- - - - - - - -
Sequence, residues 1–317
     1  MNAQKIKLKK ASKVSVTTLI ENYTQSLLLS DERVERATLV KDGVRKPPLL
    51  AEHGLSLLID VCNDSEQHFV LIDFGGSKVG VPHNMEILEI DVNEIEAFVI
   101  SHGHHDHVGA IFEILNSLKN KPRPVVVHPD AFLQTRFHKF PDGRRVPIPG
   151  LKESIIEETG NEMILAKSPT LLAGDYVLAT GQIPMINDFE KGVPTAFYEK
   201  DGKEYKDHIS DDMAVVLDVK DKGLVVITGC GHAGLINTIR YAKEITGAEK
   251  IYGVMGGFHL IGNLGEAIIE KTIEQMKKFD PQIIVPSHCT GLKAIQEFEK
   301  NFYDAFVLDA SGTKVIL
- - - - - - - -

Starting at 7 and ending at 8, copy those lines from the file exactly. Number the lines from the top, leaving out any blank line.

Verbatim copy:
   251  IYGVMGGFHL IGNLGEAIIE KTIEQMKKFD PQIIVPSHCT GLKAIQEFEK
   301  NFYDAFVLDA SGTKVIL